[Originally published on NBA.COM, as part of its ‘Local Heroes’ series, around February 2017.]
“He was unorthodox … the type of player we had never seen before.”
– MA Parthasarathy, former India player
“He was someone who lived for the team.”
– MC Selvakumar, former India player
It was in 1978 when IT happened. An incident that lives on purely by word of mouth, snaking its way as a Chinese whisper from one awestruck basketball fan in Bengaluru to another: “Do you know there was an Indian guy who scored more than 100 points in a single game?”
A fellow journalist colleague got word of this apparent bombshell of a ‘trivia’ over two years ago. Not sure what to make of it, he had filed this lead way back in his head. Earlier this year, the same story started doing the rounds again during a local tournament in Malleswaram, the locality of Bengaluru where the ‘100-point-man’ lived.
Basketball was his escape
RT Viswanath from his younger days. Image courtesy RT Viswanath.
RT Viswanath aka ‘RTV’ was born on 25th December, 1946 in the fascinating basketball hub of Malleswaram, a residential suburb in the north-western part of Karnataka’s capital city, that has incredibly produced over a dozen international basketball players.
RTV belonged to a middle class family. His father passed away when he was just seven. The responsibility of running the household fell squarely on his mother. Amidst all these trials and tribulations, RTV found an escape – the world of sports. RTV and his twin brother Jagannath were coaxed into switching from cricket to basketball by their elder brother the late RT Subbarao, who was a talented player himself.
The proximity of the basketball court to his house meant RTV could dedicate hours and hours to his new-found love affair. But sensitive to the financial situation at home, he struck a balance between academics and hoops.
In 1967, RTV graduated and joined the Indian Telecommunications Industry (ITI), a company that encouraged its employees to play sports. At ITI, RTV was surrounded by top basketball talent from Karnataka. Back in the sixties, the jump shot had just been introduced, and at a mere 5ft 5 inches, RTV knew he had to master this art to have a lasting impact. A very early adopter of the now ubiquitous ‘run and gun’ philosophy, the high scoring ITI teams won tournament after tournament at the regional and national level.
The 100 point game!
RT Viswanath being felicitated by Indian badminton superstar Saina Nehwal. Image credit- Malleswaram Cup, Bengaluru.
In the 1978 season, ITI was taking on rival club Devanga Anekal in a State level tournament.
The match began in familiar fashion for ITI. Comfortably ahead early, a quick time out was called where it was decided that ITI would keep its foot on the gas.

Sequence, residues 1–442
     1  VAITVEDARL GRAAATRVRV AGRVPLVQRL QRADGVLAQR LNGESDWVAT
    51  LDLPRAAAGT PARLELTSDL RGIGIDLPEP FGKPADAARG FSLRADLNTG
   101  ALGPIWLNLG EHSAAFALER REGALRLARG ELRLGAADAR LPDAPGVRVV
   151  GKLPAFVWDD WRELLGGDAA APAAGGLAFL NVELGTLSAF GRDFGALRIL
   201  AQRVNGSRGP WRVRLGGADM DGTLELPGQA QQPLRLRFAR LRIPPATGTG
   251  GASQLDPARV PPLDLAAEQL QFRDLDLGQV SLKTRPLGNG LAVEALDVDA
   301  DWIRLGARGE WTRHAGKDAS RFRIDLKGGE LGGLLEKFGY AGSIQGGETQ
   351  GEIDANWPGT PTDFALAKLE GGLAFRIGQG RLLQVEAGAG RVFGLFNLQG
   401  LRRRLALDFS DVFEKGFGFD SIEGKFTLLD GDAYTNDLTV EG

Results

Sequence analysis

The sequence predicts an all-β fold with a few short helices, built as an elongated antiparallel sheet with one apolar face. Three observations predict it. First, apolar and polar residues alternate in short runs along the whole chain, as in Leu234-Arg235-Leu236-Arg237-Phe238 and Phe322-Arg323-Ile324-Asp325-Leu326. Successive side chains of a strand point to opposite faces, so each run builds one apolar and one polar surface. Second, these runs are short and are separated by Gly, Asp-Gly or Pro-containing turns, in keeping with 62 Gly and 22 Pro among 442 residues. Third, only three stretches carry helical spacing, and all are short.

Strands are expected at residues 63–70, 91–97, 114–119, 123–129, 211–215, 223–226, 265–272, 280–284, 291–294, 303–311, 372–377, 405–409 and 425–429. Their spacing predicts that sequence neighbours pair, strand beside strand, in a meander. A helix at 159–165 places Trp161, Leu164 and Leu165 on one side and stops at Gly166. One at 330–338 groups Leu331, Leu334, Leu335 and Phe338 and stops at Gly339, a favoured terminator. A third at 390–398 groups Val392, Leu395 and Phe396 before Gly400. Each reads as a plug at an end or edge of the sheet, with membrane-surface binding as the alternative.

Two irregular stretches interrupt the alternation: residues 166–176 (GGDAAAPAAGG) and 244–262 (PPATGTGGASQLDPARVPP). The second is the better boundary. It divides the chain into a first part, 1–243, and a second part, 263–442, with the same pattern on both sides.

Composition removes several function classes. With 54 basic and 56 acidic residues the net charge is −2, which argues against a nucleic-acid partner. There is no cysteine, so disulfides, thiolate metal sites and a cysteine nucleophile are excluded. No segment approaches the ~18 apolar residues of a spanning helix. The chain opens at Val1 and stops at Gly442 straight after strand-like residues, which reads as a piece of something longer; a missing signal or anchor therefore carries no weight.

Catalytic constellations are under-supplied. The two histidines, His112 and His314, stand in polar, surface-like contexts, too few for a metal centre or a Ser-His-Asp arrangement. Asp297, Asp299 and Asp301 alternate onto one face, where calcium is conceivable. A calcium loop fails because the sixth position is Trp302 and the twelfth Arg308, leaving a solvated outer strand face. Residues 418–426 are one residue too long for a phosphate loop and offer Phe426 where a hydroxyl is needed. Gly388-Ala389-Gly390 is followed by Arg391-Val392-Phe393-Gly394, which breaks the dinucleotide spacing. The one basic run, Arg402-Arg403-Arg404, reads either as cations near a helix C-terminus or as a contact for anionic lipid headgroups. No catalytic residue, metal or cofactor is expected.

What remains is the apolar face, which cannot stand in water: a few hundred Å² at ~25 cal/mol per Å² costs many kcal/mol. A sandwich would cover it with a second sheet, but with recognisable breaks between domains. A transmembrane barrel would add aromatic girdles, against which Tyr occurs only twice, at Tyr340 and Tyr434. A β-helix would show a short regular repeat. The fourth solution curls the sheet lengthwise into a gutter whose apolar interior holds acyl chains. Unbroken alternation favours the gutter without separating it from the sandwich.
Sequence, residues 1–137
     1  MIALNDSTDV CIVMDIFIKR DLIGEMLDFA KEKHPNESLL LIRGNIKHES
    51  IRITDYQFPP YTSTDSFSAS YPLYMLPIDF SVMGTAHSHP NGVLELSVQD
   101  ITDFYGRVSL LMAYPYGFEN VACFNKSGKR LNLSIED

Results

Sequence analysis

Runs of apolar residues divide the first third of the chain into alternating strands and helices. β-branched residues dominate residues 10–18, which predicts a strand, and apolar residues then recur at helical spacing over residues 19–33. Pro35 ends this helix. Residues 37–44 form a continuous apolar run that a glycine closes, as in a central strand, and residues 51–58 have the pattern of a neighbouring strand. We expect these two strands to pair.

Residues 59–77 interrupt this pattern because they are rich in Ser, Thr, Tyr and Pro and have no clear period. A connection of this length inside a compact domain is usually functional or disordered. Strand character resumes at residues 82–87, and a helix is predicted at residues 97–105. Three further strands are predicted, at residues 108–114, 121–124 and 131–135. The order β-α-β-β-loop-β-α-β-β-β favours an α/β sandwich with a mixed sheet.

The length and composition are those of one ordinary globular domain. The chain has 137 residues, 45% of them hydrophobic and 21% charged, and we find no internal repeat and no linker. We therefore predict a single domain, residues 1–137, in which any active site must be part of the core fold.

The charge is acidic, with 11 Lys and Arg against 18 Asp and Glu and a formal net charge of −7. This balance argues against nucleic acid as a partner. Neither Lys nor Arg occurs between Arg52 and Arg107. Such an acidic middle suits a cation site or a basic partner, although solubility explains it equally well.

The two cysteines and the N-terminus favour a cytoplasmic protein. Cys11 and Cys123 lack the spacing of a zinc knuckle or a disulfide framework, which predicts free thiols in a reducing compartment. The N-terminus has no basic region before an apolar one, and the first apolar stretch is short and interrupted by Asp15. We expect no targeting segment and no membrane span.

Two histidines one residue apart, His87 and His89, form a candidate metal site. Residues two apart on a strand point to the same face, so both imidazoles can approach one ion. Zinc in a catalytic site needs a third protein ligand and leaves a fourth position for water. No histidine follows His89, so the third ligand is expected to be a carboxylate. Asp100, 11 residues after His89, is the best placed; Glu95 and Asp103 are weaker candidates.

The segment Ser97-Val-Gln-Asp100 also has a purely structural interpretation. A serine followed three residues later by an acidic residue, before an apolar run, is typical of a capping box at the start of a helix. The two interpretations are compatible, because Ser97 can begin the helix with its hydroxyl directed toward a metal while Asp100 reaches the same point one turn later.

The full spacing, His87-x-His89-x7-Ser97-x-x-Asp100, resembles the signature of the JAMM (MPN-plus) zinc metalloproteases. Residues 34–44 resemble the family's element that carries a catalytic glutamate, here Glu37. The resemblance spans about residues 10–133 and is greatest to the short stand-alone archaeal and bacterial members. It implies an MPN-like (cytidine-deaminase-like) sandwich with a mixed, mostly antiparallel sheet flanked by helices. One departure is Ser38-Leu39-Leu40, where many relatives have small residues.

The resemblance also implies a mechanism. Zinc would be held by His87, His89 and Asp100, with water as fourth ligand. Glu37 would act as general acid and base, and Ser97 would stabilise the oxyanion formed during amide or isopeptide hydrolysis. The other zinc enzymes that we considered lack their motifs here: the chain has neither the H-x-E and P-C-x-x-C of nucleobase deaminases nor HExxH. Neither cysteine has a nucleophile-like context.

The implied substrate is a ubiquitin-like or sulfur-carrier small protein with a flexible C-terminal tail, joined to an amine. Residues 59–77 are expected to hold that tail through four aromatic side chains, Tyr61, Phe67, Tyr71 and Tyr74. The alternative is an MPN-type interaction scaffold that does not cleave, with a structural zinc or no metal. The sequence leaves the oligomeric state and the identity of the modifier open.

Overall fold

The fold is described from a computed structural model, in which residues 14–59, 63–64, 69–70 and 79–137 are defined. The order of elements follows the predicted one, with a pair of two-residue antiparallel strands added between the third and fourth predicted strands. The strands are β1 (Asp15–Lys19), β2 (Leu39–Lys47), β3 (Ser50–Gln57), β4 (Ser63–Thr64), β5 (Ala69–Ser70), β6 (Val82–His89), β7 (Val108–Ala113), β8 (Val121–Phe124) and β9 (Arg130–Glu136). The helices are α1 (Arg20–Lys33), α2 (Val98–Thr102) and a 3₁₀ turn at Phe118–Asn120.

“We were aware that we were pretty strong and absolutely anyone could score, but we noticed that Viswanath scored all his baskets. We then made a conscious effort to get him the highest possible points he could. He did a fantastic job of converting all our passes,” said MA Parthasarthy.
Anekal was a weak side, but never would have imagined the fate it was going to suffer that day. The score line at the end of the game read as ITI – 130 points – of which 108 were scored by RTV; a feat all the more remarkable considering that it was achieved in an era without the 3-point line!
“I don’t know what it was about that day, but his conversion rate was very high. We would pass the ball to him the near the half court line and he would still go into the opposition half by himself and score,” recalled Parthasarthy.
The news of this feat spread far and wide. Players, coaches, fans, selectors and everyone associated with the sport were stunned! Many refused to believe it. It was rumoured that leading national daily The Indian Express carried the news on its frontpage, but no record of that edition has been traced.
Soon after this epochal performance, RTV, who often missed out on representing Karnataka at the junior level due to academic compulsions, was called up to play for the state senior team. However, he never got to don national colours. RTV makes light of this omission. “India, at that point of time, had better players than me. I was just not good enough. I often missed out because of my lack of height. However, I have no regrets because I knew that those players were better than me and deserved to be there,” he said over a phone chat.
Into the sunset
RT Viswanath shakes hands with a local Bengaluru college team during a recent state level tournament. Image credit- Malleswaram Cup, Bengaluru.
One of the pet peeves of Indian journalists covering the local basketball scene is the appalling lack of documentation. Scoresheets are destroyed immediately after games, carelessly handed over to raddi wallahs in exchange for a few rupees of loose change. Important matches aren’t videotaped, forget being televised, and advanced stats of the kind seen in the NBA remain a distant dream. In this scenario, anecdotal sources remain the only windows into India’s landmark basketball moments. The same was the case with RTV and his 100-point-game.
RTV stopped playing in 1990, but stayed associated with the sport as a selector for Karnataka’s senior and junior basketball teams. He is now living a peaceful retired life in Bengaluru. It is both funny and scary to think that we nearly missed out on this key milestone in Indian basketball history, had it not been for a fortuitous Chinese whisper that for once just happened to be true!
WATCH ON YOUTUBE:
- Featured image of a present day R T Viswanath recreating the iconic Wilt Chamberlain image holding up a hand written copy of his high score has been clicked by Pranay Naidu.